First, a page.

Recently on a trip to New York City, I had the privilege to meet up with an old friend and fellow art student Stephanie Koenig. Koenig and I were sculpture majors together at the University of Cincinnati’s DAAP School of Fine Art a number of years ago. While there we shared a love of all things involved in the creative process; drawing, research, materials, processes and tools. We both have gone on to follow our love and passion for Fine Art in many ways through teaching and by continuing to pursue our own studio work.

Koenig is based in Philadelphia these days and like most artists, she wears many hats. One of her jobs is studio manager at NextFab Organization where innovators go to translate new ideas into physical prototypes. NextFab is a place where business innovation directly intersects with artistic creativity. The organization employs industrial designers, mechanical engineers, animators as well as artists to create a team of individuals who can solve most problems on route to producing new products. Stephanie and I spent a good bit of our conversation sharing our anecdotes of the intersection of art and business. It seems the more people we meet in the entrepreneurial world, the more we realize how artists can contribute to the creative side of business.

I am extremely excited to hear that other artists are dipping their toes into the business pool. I find that developing my own inner entrepreneur is strengthening my career as a working artist. Working with Adam on Drawing Down the Vision has shown us both how tapping into creativity and maintaining a vibrant sketchbook can enhance his professional career. We should all step outside of our self imposed labels and make a point to connect and intersect with those in other fields.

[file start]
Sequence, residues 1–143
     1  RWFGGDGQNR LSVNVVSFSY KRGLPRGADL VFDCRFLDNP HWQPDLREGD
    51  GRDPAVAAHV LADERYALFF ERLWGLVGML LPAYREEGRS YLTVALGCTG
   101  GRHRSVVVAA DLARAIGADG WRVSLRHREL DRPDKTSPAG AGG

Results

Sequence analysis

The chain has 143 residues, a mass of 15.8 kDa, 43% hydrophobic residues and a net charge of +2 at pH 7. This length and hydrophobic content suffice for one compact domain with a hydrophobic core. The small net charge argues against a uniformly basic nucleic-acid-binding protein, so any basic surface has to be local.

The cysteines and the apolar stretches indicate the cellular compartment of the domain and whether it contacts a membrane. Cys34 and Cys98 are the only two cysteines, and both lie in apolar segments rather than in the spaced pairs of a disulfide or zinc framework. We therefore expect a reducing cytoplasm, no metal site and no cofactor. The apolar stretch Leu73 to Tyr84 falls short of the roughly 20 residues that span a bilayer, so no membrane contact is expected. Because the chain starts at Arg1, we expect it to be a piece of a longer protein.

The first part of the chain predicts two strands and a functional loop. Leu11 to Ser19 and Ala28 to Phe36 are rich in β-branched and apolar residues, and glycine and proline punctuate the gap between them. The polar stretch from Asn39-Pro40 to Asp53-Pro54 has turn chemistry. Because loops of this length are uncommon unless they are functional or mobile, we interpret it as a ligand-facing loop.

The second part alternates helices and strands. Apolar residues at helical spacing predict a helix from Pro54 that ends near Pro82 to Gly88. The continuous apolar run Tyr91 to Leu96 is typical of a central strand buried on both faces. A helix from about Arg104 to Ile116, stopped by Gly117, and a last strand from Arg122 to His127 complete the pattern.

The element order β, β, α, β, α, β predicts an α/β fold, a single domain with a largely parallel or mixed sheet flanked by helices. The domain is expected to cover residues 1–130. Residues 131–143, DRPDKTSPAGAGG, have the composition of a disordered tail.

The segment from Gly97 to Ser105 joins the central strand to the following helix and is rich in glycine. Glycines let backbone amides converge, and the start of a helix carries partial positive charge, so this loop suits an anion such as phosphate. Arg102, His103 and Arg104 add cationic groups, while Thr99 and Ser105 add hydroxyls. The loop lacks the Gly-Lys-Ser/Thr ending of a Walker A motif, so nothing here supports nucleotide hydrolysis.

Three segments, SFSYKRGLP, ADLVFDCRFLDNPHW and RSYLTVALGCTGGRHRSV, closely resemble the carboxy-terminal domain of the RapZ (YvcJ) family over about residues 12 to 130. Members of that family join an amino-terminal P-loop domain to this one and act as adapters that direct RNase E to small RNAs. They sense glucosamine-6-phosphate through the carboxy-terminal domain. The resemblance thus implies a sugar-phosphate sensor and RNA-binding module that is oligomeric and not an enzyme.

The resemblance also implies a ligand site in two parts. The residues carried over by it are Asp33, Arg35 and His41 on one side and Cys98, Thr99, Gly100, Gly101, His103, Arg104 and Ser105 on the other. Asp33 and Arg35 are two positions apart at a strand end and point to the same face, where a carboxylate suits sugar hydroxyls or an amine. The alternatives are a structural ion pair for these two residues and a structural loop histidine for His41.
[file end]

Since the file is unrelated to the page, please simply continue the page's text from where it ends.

At this intersection lies true creative potential.

Popularity: 8% [?]

 

The Sketchbook Tour

16 May

A stack of Amy's sketchbooks. Different from Adam's pocket journals.

Starting, keeping and maintaining a sketchbook is daunting.  This is the case whether you are an artist working out ideas or a business person keeping track of trends and projects.  Even a seasoned keeper of a sketchbook can find themselves staring at that empty page and thinking “what next?”

There are many ways to get around this predicament and maintain an interesting and engaging collection of drawings and impressions over time.  One way is to give yourself daily exercises to do in your sketchbook that enable you to put pen to paper.  Even just writing out a grocery list or a to-do list is something.  Add some images and you are well on your way!  But this may not be enough.  For drier times in your book, outside help is available.